World Rainforest Movement

Mexico: the beginning of the plantations’ invasion

Acting under pressure of international forestry companies and funding agencies, the Mexican Government is trying to modify the Forestry Law in order to promote large monoculture tree plantations in several regions of the country. As surprising as it may seem, one of these regions is Chiapas -one of the poorest states of Mexico- which has been the scene of a major armed uprising by the Zapatista movement. In June 1995 Edward Krobacker, from International Paper, a company interested in establishing industrial tree plantations in the state of Chiapas, sent a letter to the Mexican Government, pushing for changes to the national forestry law in order to “create a more secure legal framework” for IP’s investments. Two years later, this seems to have been wholly accepted, and the Council of Ministers has presented a project to Parliament, which provides enormous facilities for foreign investment in the Mexican forestry sector, among which a subsidy of 65% of the plantation costs.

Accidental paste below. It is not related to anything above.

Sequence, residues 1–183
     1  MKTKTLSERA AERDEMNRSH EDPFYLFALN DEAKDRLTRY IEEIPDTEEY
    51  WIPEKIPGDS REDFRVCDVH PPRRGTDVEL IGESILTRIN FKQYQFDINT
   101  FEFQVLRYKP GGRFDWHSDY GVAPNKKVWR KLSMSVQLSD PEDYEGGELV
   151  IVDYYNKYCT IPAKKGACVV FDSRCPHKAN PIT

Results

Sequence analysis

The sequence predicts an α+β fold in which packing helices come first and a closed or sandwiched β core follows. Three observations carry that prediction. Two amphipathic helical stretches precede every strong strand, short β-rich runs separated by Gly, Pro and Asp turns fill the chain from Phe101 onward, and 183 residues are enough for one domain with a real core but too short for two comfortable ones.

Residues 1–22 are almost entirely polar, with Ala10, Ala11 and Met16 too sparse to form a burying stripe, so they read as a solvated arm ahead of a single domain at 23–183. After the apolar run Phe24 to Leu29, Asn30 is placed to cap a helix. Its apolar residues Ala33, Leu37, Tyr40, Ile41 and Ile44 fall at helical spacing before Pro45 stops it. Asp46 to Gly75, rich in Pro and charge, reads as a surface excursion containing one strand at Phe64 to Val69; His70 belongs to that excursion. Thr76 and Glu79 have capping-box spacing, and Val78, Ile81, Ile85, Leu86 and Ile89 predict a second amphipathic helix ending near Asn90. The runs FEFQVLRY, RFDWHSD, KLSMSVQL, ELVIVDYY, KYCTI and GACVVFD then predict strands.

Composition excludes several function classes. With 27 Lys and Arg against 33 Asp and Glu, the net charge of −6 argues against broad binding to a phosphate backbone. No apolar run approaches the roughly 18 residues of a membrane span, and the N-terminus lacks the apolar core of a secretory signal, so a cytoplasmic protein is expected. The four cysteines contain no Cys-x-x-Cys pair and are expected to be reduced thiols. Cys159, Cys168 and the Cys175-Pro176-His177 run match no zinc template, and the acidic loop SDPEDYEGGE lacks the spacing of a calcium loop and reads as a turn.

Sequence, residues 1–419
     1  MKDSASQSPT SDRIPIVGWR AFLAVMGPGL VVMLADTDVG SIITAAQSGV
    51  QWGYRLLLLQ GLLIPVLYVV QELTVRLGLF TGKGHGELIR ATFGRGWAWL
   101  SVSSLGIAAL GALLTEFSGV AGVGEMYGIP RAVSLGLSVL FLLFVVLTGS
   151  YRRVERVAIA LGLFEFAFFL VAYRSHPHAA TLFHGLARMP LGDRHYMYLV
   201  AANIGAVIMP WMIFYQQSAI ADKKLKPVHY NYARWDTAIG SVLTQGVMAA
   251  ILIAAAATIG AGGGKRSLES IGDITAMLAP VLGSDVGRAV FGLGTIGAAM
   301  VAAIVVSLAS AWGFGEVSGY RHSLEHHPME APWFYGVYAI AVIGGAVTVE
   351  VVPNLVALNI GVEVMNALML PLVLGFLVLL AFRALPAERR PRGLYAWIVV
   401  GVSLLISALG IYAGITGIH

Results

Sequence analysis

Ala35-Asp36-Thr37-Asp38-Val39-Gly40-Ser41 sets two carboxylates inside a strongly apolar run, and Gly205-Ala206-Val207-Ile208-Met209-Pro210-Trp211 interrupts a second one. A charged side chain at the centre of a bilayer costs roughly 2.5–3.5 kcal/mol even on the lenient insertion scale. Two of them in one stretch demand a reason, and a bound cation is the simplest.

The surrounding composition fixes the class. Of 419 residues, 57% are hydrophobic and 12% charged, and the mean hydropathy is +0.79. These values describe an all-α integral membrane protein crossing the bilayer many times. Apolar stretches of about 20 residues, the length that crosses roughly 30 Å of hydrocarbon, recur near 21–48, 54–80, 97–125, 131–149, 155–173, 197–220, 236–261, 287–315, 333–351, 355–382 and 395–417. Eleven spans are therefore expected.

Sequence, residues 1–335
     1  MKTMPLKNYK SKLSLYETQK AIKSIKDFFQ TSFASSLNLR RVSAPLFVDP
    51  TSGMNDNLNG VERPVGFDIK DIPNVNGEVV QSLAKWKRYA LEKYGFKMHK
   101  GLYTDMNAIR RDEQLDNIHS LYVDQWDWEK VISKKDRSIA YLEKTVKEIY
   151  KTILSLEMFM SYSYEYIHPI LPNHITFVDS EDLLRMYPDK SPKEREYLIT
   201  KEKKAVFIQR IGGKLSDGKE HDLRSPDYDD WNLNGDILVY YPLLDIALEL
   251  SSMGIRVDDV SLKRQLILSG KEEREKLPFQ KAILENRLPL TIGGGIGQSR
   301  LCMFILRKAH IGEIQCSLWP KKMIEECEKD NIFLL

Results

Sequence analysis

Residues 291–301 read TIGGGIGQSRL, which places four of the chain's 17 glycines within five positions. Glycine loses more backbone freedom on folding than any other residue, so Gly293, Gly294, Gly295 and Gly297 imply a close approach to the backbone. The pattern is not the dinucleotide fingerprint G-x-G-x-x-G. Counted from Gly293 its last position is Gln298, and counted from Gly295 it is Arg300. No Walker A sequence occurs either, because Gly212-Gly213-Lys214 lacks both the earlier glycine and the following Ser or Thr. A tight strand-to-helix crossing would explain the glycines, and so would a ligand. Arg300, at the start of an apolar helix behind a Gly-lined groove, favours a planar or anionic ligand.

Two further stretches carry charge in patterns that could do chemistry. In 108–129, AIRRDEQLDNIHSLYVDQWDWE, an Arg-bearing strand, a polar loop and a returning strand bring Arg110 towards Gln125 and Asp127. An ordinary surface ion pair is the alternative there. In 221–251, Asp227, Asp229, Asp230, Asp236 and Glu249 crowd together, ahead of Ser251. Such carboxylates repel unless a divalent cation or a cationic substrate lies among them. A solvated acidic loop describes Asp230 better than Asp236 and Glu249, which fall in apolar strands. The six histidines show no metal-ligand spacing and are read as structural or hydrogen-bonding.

Other regions targetted by the planned industrial tree monocultures are Veracruz and Oaxaca. In the former, a vast eucalyptus plantation plan is being implemented by Temple Island and Simpson -both American companies- while in the latter, pine plantations are been promoted. The aim of such plantations is the production of pulp and paper and lumber. Not only such kind of “forestry development” is a menace for the ecological sustainability of the territory, but also ignores indigenous and rural communities’ rights, since their lands will be occupied by plantations. As Jaime Aviles, journalist from “La Jornada”, wrote in May 1st. 1997: “Without the agreements (between the Zapatista National Liberation Army -EZLN- and the Government), disorder will manifest itself in may ways; even if Mr. Krobacker gets his forestry law, nobody can guarantee that it will be applied. The plantations will be invaded, sooner or later, and will be the source of many conflicts… The areas selected for the eucalyptus plantations are simply condemned to desertification”.